If Seattle Mayor Jenny Durkan cares about long-term affordability and quality of life in Seattle, she should veto the City Council’s misguided decision to allow investors to build apartments throughout single-family neighborhoods.

One of Seattle’s greatest assets is its diversity of neighborhoods providing residents an opportunity to own houses near employment centers.

Even with high prices, they continue to provide working-class residents and immigrants opportunities to build equity and enter the middle class. They help companies recruit employees fleeing apartment-centric, less affordable cities like San Francisco and New York. They help schools and civic organizations by providing a critical mass of residents deeply invested in the community.

The current council, which has a penchant for killing golden geese, effectively torpedoed these neighborhoods on Monday. It voted 8-0 to allow clusters of apartments on most every single-family lot, even though there is already ample capacity for all projected growth.

This will have negligible effect on affordability, according to the city’s analysis. But it will make the rich richer, by helping developers and pushing Seattle toward a future as a city of forever renters. How progressive is that?

Yes, ownership is currently out of reach for many. But the council is making that American dream less attainable by pitting homebuyers against rental speculators. What a gift to Wall Street firms and other investors scooping up rentals in Seattle.

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Durkan can fix this fiasco by vetoing the council’s accessory-dwelling unit (ADU) legislation. At least, she should restore owner-occupancy requirements so the beneficiaries are residents she represents and not investors from afar.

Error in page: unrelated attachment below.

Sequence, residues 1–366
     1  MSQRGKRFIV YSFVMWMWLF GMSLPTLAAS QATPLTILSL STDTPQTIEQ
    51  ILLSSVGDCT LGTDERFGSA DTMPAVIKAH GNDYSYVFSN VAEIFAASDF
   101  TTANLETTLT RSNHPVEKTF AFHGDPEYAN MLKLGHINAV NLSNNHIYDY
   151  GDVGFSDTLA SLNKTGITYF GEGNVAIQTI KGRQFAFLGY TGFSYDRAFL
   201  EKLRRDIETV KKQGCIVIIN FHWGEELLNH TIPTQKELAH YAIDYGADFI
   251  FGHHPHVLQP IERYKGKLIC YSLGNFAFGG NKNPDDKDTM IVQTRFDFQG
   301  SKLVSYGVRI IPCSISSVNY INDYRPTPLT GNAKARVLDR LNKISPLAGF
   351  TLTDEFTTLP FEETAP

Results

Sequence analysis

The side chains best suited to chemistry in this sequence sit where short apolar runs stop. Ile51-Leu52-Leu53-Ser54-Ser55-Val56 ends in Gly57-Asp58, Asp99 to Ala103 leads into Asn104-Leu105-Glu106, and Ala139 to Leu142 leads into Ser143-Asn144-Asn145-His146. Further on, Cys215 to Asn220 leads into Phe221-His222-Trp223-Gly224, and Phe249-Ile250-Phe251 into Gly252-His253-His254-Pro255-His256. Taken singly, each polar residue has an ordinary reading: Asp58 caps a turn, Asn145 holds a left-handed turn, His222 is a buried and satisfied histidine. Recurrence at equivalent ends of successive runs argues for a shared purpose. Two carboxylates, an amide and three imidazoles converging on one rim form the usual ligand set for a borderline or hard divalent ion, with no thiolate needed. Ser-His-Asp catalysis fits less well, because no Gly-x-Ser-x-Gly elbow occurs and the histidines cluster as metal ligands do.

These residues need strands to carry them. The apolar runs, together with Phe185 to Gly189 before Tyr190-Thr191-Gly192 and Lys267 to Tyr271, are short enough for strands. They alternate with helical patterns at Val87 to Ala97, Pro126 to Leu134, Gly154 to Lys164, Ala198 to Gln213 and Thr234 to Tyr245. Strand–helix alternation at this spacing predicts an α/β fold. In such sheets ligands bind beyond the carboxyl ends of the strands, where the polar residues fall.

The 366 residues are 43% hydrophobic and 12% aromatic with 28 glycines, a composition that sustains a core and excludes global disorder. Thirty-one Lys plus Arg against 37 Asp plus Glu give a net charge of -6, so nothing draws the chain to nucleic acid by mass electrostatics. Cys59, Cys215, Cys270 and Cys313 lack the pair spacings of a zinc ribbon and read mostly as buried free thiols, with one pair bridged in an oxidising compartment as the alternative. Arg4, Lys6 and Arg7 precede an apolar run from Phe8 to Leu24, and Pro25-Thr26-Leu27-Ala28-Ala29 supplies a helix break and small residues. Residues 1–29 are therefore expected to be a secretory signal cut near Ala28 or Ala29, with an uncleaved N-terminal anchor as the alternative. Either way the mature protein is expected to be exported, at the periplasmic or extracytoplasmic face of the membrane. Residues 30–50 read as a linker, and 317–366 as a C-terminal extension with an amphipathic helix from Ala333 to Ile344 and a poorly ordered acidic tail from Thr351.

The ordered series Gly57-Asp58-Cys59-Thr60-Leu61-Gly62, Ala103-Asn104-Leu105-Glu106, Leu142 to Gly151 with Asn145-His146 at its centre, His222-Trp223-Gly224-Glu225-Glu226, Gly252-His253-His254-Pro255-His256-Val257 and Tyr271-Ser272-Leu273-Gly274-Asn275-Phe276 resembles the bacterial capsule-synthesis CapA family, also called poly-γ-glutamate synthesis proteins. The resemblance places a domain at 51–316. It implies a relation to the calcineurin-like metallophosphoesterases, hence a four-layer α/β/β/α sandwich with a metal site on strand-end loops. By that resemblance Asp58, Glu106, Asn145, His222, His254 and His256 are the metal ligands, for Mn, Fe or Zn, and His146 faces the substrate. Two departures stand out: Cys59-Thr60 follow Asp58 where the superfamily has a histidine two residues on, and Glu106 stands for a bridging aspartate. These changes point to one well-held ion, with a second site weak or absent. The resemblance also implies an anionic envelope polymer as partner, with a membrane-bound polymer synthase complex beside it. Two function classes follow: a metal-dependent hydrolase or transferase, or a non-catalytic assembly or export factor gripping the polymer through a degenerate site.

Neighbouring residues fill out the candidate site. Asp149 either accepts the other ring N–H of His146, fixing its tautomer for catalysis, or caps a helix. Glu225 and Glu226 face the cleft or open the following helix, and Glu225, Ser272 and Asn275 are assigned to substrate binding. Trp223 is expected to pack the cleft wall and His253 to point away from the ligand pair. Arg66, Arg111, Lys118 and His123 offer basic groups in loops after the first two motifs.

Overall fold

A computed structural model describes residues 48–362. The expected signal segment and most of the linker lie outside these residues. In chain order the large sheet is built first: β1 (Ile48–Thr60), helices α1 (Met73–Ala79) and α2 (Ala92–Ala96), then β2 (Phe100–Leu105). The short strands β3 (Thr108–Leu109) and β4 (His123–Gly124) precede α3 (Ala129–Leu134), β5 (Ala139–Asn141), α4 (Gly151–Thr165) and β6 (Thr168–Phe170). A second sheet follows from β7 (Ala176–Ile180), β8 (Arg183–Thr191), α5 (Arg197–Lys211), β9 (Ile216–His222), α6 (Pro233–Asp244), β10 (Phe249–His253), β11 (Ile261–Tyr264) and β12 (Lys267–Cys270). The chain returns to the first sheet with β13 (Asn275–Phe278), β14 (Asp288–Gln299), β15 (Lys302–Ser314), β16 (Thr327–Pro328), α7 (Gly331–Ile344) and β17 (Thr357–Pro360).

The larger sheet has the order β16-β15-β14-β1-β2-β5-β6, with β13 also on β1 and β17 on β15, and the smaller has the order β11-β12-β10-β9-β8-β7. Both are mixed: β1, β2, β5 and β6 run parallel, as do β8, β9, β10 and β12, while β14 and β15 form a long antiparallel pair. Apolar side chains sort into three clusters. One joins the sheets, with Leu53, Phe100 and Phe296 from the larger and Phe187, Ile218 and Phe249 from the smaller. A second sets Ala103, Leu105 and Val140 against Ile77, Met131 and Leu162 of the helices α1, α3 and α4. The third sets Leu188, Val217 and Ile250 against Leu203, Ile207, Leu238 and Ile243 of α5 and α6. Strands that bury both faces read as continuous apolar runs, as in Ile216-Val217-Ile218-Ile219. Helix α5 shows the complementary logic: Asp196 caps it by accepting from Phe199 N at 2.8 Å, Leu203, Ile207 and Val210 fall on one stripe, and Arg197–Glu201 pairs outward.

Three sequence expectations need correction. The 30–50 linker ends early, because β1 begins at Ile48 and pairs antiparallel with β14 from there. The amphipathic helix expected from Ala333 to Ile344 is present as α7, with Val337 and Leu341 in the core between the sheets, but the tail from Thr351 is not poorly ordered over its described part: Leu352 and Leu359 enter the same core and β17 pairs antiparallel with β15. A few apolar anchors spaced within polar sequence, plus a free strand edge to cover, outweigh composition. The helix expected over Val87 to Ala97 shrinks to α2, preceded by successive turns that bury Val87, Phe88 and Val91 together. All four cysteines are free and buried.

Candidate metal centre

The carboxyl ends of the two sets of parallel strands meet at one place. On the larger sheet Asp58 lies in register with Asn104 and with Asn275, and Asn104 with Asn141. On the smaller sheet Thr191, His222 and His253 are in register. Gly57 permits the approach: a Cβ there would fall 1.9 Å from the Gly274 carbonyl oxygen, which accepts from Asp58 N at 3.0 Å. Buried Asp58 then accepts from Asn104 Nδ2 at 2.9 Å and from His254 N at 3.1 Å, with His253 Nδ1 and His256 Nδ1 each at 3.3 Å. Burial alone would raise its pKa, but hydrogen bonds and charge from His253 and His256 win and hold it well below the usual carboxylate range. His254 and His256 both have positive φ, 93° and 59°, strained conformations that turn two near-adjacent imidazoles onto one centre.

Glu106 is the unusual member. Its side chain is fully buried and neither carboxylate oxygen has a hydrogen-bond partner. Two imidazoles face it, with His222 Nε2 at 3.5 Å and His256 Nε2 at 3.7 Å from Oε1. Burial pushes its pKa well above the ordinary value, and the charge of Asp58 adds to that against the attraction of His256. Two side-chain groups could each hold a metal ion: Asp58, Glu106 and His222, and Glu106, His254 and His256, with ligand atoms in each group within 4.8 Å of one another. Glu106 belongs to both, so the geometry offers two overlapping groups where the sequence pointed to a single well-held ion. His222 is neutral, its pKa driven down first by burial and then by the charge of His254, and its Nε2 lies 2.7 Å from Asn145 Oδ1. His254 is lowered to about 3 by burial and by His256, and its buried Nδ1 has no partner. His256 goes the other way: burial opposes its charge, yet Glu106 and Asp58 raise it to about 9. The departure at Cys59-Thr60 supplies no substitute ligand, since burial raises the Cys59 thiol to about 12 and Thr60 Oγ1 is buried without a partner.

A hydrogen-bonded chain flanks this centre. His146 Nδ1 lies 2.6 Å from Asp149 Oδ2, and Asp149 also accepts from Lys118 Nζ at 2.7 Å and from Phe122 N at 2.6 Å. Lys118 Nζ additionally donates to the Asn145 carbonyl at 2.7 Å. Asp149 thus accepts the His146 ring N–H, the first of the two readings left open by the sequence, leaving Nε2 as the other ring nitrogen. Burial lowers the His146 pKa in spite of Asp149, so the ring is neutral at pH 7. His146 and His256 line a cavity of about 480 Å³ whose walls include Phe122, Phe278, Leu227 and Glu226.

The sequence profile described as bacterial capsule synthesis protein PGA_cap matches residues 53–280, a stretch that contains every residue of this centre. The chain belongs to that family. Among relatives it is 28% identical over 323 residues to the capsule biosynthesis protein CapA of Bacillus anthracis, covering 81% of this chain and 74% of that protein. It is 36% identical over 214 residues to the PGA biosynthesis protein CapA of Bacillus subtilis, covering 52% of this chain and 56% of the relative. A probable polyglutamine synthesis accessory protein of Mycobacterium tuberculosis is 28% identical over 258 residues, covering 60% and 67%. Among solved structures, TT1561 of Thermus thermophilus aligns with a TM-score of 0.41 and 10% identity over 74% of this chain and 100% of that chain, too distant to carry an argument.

Remember, this started with a housing-industry wish list compiled by former Mayor Ed Murray, who made a “grand bargain” with a lawyer for developers. When neighborhoods objected and sought more inclusive planning, Murray killed Seattle’s longstanding neighborhood advisory program.

Durkan’s statement applauding Monday’s vote echoed the developer cabal’s Orwellian spin.

She said allowing investors to put multiple apartments on every single-family lot will “increase housing options.” Sort of. It also decreases options, by reducing the supply of houses for residents to own, and encouraging more homogeneous apartment development.

Durkan said this will “make room for neighbors” but that’s putting lipstick on a pig. By reducing setbacks and allowing yards and gardens to be filled with tall rentals, this takes room and space from neighborhoods — making them more crowded, less pleasant and less green. Mostly, it makes more room for investors to build.

At least the mayor didn’t repeat council members’ misleading justifications. No, this won’t advance their fantasy of a car-free Seattle — the city’s analysis said each rental will bring at least one additional car. So, by also eliminating on-site parking requirements, the council didn’t save the Earth; rather, it saved developers a bundle. It also made life worse for residents, most of whom will drive.

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Even worse is pretending that this investor windfall brings social justice. Council members saying this must think constituents are ignorant suckers. It’s like President Donald Trump telling those Midwest factory workers he was saving their jobs.

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Don’t take our word for it, or council members’ recycled rhetoric. Read the city’s factual analysis, which says this approach mostly helps the rich: ” … in all alternatives the overall cost of construction likely limits ADU development to relatively higher-income owners. Under all alternatives, housing affordability and displacement in the study area would continue to be a concern.”

So Mayor Durkan, are you for Seattle’s middle-class residents and neighborhoods, or for off-site investors cashing in on them? Show us with your veto pen.